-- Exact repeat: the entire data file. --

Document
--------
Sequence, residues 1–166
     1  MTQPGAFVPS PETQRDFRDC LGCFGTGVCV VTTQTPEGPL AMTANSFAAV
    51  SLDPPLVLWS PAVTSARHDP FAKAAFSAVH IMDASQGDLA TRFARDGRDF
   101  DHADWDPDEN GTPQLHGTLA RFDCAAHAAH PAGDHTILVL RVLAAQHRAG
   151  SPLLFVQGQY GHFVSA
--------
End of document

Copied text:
Sequence, residues 1–166
     1  MTQPGAFVPS PETQRDFRDC LGCFGTGVCV VTTQTPEGPL AMTANSFAAV
    51  SLDPPLVLWS PAVTSARHDP FAKAAFSAVH IMDASQGDLA TRFARDGRDF
   101  DHADWDPDEN GTPQLHGTLA RFDCAAHAAH PAGDHTILVL RVLAAQHRAG
   151  SPLLFVQGQY GHFVSA